Capital gains tax explained Capital gains tax and property

Cottage

Normally there's no CGT on your main or only home

Capital gains tax is normally not payable on gains you make on your only or main home (this is called private residence relief). But all or part of any gain will usually be taxable if:

  • You develop your home – for example by converting part into flats
  • You sell part of your garden and your total plot is over half a hectare (1.2 acres)
  • You use part of your home exclusively for business
  • You let all or part of your home (but see below)
  • You live away (though gains relating to some absences are tax-free, including the last three years (falling to 18 months in April 2014).
  • You bought or improved the home wholly or partly for the purpose of making a profit.

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Tax relief if you own more than one home

If you use more than one home, you can nominate which will be tax-free. It doesn’t have to be the one where you live most of the time. 

Generally, it makes sense to nominate the one expected to make the largest gain. You have two years from when you get a new home to make the nomination.

Married couples and civil partners can have only one main home between them, but unmarried couples can each nominate a different home.

Tax relief if you let out your home

If you have let part or all of your home, when you sell it, a proportion of any gain will relate to the letting and could be taxable. 

However, provided the home genuinely has been your main home at some time, you can as usual claim tax relief for the last three years of ownership. 

You may also be able to reduce the capital gains tax by claiming letting relief – this deduction will be the lower of the gain related to the letting, the amount of private residence relief you are getting or £40,000. 

See HMRC helpsheet HS283 Private residence relief available from the HMRC website.

Letting example

For example, imagine you have owned a home for 20 years but let it out for the last eight years because you were working in another part of the UK and, when you sell, you make a profit of £100,000. 

Currently, the 12 years when you lived in the home qualify for private residence relief and also the last three years of ownership. Apportioning on the basis of years means that 15/20th of the gain is tax-free, in other words £75,000. 

The remaining 5/20th (£25,000) could be taxable, except that you can claim letting relief (for 5 years) . Letting relief is the lower of the taxable gain (£25,000), the private residence relief (£75,000) or £40,000. 

Therefore letting relief is £25,000 and completely extinguishes the gain, so there is no tax to pay.

The rules will change in April 2014, when the three year final period exemption will be reduced from 36 to 18 months.

Tax on gifted and inherited homes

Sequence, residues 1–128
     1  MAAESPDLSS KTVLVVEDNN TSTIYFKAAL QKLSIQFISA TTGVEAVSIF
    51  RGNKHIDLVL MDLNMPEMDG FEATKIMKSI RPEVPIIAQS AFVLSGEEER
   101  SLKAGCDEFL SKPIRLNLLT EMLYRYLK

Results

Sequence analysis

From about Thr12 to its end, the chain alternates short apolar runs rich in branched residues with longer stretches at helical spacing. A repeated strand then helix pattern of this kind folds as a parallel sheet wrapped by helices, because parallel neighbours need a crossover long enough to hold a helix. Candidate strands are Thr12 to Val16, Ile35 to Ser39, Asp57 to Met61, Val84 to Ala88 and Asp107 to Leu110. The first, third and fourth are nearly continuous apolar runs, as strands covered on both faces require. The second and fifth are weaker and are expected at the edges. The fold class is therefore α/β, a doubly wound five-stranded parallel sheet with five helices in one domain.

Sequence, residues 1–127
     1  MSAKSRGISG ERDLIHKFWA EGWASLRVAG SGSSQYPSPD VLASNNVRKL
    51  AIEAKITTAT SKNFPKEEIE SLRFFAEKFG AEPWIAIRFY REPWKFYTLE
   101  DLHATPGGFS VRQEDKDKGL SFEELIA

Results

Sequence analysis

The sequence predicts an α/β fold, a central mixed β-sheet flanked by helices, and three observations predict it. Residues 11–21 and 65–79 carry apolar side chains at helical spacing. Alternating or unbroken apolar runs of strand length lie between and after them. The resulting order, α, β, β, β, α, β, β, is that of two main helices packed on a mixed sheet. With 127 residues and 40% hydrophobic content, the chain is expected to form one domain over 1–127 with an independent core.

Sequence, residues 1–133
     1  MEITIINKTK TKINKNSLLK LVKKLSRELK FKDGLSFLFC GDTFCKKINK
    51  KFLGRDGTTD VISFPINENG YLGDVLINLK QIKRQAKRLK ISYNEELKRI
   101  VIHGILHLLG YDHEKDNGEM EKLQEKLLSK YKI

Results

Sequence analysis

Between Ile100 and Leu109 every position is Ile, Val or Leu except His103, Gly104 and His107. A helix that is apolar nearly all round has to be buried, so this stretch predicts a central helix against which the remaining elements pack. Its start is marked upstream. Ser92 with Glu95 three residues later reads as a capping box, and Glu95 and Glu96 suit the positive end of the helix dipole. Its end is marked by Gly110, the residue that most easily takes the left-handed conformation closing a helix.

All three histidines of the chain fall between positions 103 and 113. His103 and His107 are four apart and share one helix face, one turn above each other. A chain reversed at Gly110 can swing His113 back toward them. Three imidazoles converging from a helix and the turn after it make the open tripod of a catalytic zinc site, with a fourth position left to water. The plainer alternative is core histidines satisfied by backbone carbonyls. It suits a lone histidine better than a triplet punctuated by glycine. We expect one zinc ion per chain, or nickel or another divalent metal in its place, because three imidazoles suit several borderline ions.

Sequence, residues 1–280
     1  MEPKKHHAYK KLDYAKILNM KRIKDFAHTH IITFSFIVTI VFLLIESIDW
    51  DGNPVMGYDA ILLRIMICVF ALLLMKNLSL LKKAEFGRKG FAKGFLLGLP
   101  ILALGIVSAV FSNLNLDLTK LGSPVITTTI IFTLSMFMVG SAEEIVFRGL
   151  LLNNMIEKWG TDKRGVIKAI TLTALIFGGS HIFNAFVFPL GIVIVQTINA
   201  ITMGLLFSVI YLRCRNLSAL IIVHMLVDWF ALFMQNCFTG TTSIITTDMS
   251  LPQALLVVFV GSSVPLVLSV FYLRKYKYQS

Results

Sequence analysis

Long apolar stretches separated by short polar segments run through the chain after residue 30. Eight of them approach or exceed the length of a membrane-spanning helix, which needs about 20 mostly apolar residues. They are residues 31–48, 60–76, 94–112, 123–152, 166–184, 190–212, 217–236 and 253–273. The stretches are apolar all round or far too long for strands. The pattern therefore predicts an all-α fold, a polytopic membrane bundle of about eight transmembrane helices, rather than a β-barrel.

Your parents may want you eventually to have their home. If they leave their home to you in their wills, you inherit the property at its market value at the time of death. There is no capital gains tax payable on death, but the value will be included in the estate, and inheritance tax may be payable instead. 

If you sell the property without having made it your own home, there could be CGT to pay, and this will be based on the increase in value between the date of death and the date when you sell.

Your parents might give you the home during their lifetime but carry on living there. For inheritance tax purposes, this counts as a gift with reservation  so the home will still count as part of your parents’ estates when they die. 

You may have to pay CGT when you eventually sell the home, and this will be based on the increase in value between the date they gave you the property and the date you sell. This is the case even though there may be inheritance tax to pay on the home at the time of your parents’ deaths.

Home example

For example, you inherit your father’s home when he died in August 2012. 

  • At the date of death, it was worth £200,000. 
  • You sell it six months later for £205,000 and can deduct selling costs of £3,000. 
  • You have made a gain of £205,000 - £200,000 - £3,000 = £2,000 which falls comfortably within your annual allowance, so no CGT is due. 

Imagine instead your father gave you the home 10 years earlier while he was still alive and continuing to live there. 

  • At the date of the gift, the home was worth £140,000. 
  • Again you sell six months after his death. In this case, you have made a gain of £205,000 - £140,000 - £3,000 = £62,000. 
  • After deducting your annual allowance of £10,900 (2013-14), you have a taxable gain of £51,100. If you are already a higher rate taxpayer, the tax bill on this would be 28% x £51,100 = £14,308. If you are a standard rate taxpayer, you would pay CGT at 18% on the amount of gain that takes you to the higher-rate threshold and 28% on the rest.  
  • In addition, the value at the date of your father’s death (£200,000) will be included in his estate for inheritance tax purposes, rather than the value at the date he gave it to you (£140,000).

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